iMessage and FaceTime have a cryptographic architecture which enables prospective wiretapping yet there is reason to believe that Apple not is fully complying with lawful pen-register and trap-and-trace court orders.
Latest in Encryption
Commercially available encryption products make use of a variety of verification systems for personal accounts, including biometric characteristics and more traditional passcodes. The Fifth Amendment may provide more protection to traditional passcodes than to biometrics, making it relatively easier for the government to compel the disclosure of biometric codes.
Deputy Attorney General Rod Rosenstein’s speech on encryption reveals law enforcement’s misunderstanding of risks.
We are fast moving to a world in which customers and users of all stripes become the exclusive gatekeepers of their own data and communications.
Remarks of Rod Rosenstein, the deputy attorney general, about encryption at the U.S. Naval Academy on Tuesday.
Upgrades in Apple's forthcoming operating system update will complicate electronic search efforts at the border.
Just as law enforcement can pursue a number of different alternatives to mandating encryption backdoors, so too can privacy advocates take steps beyond encrypting their data to ensure their privacy.
Ending The Endless Crypto Debate: Three Things We Should Be Arguing About Instead of Encryption Backdoors
Recently I participated in a fascinating conference at Georgia Tech entitled “Surveillance, Privacy, and Data Across Borders: Trans-Atlantic Perspectives.” A range of experts grappled with the international aspects of an increasingly pressing question: how can we ensure that law enforcement is able to obtain enough information to do its job in the twenty-first century, while also ensuring that digital security and human rights are protected?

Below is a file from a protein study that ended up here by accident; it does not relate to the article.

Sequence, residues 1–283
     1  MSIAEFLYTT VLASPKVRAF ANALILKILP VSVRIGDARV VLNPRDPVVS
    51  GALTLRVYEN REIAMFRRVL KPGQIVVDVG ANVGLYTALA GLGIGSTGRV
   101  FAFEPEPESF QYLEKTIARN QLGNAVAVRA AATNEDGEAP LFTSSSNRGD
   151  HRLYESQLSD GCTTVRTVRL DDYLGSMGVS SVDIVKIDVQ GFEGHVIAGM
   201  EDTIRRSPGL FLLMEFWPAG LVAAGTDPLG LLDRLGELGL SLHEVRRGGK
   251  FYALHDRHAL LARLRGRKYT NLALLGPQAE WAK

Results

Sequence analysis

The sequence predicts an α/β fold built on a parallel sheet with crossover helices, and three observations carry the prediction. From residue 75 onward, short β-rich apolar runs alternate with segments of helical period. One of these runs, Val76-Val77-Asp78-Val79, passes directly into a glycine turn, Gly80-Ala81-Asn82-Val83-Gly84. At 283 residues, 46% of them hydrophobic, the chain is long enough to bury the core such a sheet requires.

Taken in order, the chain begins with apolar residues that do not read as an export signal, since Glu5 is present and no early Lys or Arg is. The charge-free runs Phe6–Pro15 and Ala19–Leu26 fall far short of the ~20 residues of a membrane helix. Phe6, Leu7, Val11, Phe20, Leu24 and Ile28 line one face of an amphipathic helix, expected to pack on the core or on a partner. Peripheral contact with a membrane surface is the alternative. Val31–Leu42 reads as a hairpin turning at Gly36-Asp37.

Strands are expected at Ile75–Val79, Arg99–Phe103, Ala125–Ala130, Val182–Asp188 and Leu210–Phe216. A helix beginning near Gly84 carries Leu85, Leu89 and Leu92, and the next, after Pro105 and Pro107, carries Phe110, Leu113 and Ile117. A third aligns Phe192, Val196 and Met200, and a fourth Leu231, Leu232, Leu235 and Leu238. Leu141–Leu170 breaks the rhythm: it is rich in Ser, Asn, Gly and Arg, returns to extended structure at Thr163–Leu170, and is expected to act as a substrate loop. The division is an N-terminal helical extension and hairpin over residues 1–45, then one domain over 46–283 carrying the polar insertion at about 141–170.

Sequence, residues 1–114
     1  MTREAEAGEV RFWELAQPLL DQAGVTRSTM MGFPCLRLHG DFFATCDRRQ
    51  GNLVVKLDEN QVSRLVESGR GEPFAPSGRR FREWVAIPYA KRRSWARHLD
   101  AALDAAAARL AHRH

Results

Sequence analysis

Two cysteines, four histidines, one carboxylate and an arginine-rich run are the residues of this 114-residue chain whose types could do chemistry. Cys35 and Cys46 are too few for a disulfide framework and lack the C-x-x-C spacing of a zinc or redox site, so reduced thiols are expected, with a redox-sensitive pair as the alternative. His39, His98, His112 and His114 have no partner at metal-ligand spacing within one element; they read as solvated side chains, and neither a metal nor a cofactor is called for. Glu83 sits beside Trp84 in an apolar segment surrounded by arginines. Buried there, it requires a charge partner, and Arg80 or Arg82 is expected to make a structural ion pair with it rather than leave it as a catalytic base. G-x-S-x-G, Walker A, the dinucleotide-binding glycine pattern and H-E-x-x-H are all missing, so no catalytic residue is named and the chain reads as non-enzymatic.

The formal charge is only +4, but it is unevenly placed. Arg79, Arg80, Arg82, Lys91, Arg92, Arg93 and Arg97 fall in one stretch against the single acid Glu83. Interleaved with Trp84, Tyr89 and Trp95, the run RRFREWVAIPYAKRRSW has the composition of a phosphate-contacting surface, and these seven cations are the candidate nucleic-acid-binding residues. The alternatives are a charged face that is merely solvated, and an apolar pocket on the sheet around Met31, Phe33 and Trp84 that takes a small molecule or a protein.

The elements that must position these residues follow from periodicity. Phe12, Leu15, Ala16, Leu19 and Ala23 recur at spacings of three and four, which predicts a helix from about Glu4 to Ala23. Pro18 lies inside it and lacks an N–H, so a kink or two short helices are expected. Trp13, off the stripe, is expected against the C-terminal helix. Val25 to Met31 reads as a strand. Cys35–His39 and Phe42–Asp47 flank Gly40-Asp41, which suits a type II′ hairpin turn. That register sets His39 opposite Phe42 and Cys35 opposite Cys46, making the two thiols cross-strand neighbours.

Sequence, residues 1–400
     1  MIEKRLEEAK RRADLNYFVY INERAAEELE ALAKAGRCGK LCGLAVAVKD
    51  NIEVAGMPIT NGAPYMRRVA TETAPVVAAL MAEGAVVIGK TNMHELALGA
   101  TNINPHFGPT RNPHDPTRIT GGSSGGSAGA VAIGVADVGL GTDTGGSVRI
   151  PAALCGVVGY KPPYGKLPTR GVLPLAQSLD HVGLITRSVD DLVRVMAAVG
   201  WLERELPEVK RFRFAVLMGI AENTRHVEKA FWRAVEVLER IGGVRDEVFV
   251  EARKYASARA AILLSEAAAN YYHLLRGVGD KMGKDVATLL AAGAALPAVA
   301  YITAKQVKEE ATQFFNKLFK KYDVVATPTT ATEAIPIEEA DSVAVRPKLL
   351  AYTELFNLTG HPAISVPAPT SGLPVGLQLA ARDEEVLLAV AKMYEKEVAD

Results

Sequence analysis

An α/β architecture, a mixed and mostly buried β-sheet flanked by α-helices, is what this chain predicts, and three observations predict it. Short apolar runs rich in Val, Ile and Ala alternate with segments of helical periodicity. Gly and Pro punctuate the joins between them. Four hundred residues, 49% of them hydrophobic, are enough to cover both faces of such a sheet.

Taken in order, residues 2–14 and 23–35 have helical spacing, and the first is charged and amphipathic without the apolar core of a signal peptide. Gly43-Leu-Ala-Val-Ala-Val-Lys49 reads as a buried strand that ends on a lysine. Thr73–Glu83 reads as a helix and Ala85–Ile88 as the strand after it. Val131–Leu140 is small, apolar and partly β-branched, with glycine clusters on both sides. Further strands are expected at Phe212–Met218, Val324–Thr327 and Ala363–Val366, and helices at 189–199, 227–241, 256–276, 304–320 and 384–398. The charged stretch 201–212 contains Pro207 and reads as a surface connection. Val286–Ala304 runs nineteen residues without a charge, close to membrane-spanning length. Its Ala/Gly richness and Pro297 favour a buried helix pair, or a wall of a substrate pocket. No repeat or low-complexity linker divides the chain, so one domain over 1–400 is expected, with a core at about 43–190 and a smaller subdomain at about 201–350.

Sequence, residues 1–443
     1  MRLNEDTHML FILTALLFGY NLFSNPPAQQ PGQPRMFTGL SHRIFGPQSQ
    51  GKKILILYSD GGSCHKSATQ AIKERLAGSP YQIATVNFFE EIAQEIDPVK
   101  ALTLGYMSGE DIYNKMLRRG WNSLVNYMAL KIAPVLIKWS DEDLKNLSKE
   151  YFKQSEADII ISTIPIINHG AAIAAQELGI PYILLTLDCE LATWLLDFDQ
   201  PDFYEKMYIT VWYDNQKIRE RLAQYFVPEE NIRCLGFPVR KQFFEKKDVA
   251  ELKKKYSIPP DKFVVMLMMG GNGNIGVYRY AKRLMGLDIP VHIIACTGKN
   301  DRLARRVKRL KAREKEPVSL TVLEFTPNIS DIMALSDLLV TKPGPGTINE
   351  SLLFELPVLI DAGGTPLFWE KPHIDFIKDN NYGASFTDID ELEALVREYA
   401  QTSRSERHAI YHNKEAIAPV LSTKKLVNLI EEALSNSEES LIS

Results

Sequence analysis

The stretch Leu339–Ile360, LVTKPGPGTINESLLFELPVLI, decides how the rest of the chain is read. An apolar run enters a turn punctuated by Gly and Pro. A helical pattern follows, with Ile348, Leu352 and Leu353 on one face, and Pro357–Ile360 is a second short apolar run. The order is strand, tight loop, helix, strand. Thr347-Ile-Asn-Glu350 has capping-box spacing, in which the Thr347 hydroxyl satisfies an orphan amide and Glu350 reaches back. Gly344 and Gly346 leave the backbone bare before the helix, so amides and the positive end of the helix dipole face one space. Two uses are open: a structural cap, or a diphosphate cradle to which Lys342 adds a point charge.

Last week, co-authors Michèle Flournoy, Richard Fontaine, and I released a Center for a New American Security report on the future of surveillance policy. This post will examine what our approach can offer the new administration, given what its incoming members have said about surveillance issues and the commitments that the President-elect himself has made on the campaign trail.
If we fear abuse of law-enforcement powers under a Trump administration, that is reason to move towards the technically constrainable and enforceable transparency of split-key exceptional access mechanisms rather than towards the alternative of unconstrained, non-transparent capabilities such as device hacking.